On July 11, Quartz India published an article dubbed “India may not ban cryptocurrency after all” — the piece cited an anonymous source and claimed that “a finance ministry panel set up to study [virtual currencies] may even suggest that they be treated as commodities.” Thus, a senior government official privy to the matter told the news outlet:
“I don’t think anyone is really thinking of banning [cryptocurrencies] altogether. The issue here is about regulating the trade and we need to know where the money is coming from. Allowing it as [a] commodity may let us better regulate trade and so that is being looked at.”
Viewing cryptocurrencies as commodities resembles the U.S. Commodity Futures Trading Commission’s (CFTC) approach. The U.S. agency that fully controls commodity derivatives transactions in the country claims that tokens are commodities: Essentially, in their view, Bitcoin is closer to gold than to conventional currencies or securities, as it is not backed by the government and doesn’t have a liability attached to it.
Shubham Yadav, co-founder of Coindelta — an Indian cryptocurrency exchange — agrees with that viewpoint:
“Though cryptocurrencies belong to a new class of financial assets, we can still welcome them as commodities and not currencies because of their high volatile prices.”
The cryptocurrency panel cited was set up in December 2017 with the purpose of understanding the expanding crypto industry, and it includes Subhash Chandra Garg, secretary in the department of economic affairs; BP Kanungo, deputy governor of the RBI; and Ajay Tyagi, chairman of market regulator Securities and Exchange Board of India. It is the second cryptocurrency panel in India, while the first panel — established by the Narendra Modi government in April 2017 — recommended “slowly choking” the industry: It couldn’t be stopped in one day, as people would lose a lot of money, they argued, which is why a more timely approach was needed.
In June, Subhash Chandra Garg, the head of the newer — and more crypto friendly — panel, told local news outlet ET news that his task force was almost ready to introduce a draft for a crypto regulatory framework and promised to deliver it within the first two weeks of July — no such announcements have been made by press time, however.
“We are fairly close to developing a template [for the cryptocurrency industry] that might be in the best interests of our country. We have moved pretty far in this regard, and we have prepared a draft that entails what parts of this businesses should be banned and what should be preserved.”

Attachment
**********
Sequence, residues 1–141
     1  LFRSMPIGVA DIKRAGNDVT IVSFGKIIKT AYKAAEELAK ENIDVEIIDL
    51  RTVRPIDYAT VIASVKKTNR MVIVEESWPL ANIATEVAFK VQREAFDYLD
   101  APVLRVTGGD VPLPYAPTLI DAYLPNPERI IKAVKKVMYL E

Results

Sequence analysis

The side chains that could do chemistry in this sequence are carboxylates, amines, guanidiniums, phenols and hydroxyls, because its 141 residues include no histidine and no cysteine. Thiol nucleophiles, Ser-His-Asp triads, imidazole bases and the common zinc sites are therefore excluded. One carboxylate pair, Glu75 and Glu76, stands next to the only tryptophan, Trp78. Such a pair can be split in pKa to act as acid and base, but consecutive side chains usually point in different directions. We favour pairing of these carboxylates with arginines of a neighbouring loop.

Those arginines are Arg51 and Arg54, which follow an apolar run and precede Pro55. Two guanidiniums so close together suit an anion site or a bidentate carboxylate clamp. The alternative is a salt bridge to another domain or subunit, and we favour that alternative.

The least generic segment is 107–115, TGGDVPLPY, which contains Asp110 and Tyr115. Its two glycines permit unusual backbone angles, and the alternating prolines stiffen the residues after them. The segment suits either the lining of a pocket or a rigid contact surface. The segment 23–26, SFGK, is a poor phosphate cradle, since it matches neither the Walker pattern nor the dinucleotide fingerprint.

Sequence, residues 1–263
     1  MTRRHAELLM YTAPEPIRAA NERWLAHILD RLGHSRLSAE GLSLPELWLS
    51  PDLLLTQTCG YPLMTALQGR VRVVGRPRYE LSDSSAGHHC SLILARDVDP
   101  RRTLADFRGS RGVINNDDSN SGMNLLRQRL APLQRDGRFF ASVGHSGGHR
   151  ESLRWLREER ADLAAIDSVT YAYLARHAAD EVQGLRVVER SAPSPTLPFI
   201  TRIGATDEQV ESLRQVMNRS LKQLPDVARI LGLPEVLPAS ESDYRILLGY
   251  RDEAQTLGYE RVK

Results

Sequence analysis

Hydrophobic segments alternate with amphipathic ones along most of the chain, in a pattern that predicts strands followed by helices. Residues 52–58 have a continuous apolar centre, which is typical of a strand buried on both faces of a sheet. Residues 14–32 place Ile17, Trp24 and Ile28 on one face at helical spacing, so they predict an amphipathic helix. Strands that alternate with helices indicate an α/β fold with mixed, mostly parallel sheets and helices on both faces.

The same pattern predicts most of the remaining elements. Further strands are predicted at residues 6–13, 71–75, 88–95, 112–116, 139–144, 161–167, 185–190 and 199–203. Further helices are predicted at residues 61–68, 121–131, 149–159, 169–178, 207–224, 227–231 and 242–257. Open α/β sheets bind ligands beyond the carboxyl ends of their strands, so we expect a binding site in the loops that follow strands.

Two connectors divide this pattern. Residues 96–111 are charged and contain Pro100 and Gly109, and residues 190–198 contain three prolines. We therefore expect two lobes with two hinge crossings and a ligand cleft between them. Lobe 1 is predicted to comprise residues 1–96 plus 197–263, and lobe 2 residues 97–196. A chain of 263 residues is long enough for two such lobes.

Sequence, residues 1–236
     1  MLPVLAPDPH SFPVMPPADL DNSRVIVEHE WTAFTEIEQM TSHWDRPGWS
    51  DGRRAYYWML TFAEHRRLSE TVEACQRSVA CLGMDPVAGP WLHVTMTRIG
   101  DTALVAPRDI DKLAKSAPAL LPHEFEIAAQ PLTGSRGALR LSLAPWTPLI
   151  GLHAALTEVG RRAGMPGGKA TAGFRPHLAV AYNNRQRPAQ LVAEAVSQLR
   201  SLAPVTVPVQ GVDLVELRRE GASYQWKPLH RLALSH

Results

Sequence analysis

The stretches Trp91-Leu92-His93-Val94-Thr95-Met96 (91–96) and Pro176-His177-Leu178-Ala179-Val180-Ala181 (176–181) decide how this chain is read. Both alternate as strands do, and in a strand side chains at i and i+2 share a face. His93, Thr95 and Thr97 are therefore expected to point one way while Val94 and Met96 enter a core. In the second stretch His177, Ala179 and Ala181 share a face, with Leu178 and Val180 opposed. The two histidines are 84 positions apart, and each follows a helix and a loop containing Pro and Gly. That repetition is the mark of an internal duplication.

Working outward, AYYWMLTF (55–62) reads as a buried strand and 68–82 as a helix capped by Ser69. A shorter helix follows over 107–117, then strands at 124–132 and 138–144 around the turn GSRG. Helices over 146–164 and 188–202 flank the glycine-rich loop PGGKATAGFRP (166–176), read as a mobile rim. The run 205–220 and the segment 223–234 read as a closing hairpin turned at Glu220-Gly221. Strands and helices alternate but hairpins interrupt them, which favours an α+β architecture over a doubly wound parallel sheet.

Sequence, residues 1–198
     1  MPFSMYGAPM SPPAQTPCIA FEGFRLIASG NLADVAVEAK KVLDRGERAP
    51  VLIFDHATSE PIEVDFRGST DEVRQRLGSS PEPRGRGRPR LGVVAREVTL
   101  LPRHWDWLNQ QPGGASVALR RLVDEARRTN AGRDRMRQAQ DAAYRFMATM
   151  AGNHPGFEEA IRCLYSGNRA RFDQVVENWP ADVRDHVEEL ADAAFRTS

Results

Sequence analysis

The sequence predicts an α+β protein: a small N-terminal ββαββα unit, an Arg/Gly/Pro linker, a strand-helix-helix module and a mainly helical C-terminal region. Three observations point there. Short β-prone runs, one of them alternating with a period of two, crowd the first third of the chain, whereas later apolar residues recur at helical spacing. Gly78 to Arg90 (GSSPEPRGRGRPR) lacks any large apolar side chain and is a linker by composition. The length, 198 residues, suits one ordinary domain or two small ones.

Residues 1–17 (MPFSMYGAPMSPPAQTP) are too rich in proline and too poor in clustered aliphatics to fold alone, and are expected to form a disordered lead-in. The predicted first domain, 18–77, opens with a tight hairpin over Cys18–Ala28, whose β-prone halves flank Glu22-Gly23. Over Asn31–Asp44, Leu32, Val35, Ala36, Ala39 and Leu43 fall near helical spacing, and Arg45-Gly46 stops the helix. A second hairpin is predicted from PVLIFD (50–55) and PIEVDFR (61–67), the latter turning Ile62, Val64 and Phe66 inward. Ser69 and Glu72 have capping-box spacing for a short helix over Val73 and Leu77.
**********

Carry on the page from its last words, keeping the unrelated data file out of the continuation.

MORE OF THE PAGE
Local cryptocurrency firms are open for negotiations with the government, and, as Quartz points out, “have already agreed to be open for more scrutiny.” Additionally, they assure that solid Know Your Customer (KYC) and Anti-Money Laundering (AML) procedures are already implemented, while they are willing to introduce other suggestions. Shubham Yadav, co-founder of Coindelta, told the publication:
“We are also ready to work with the government and assist them on creating a regulatory framework. We can help them in designing a monitoring system for blockchain where it can remotely monitor all transactions.”
The central bank’s controversial ban has prompted both public and industry-led petitions, with some appealing to the courts on the grounds that the decision is unconstitutional.
Thus, the community awaits July 20, when the Supreme Court of India will come up with a clear-cut position regarding the RBI blockade. However, it is worth noting that on July 3, the court ruled not to grant interim relief to those affected by the ban at a hearing of the Internet and Mobile Association of India (IAMAI) — organization comprised of members of several crypto exchanges that are challenging the RBI’s stance.
At a previous petition hearing on May 17, IAMAI was reportedly requested to submit a representation against the central bank.
In any case, blockchain is welcome
Similar to China, the Indian crypto ban — although it is objectively less harsh than the Chinese one — coexists with the government positive stance toward blockchain technology. For instance, on the same day as it introduced the crackdown measures, the RBI announced its plans for issuing a central bank-backed digital currency (CBDC). The RBI Deputy Governor BP Kanungo told the Times of India at the time:
“Technological innovations, including virtual currencies, have the potential to improve the efficiency and inclusiveness of the financial system.”
Nevertheless, India is home to existing blockchain adoption initiatives as well. In May, seven of India’s largest banks joined a blockchain-powered trade finance initiative led by local IT giant InfoSys. The alliance, known as India Trade Connect, includes participants such as Axis Bank, ICICI and South Indian Bank. It was reportedly formed to conduct tests of InfoSys’ Finacle Trade Connect, a blockchain platform designed to “address the trade finance process requirements of banks.”
Moreover, in June, the government of the south Indian state of Kerala announced that it will use blockchain for food supply and distribution in a new project headed by Keralan think tank the Development and Innovation Strategic Council (K-DISC). It will use blockchain and Internet of Things (IoT) technology to make the state’s supply network for dairy products, vegetables and fish more efficient, further establishing blockchain as a viable tool for the local economy.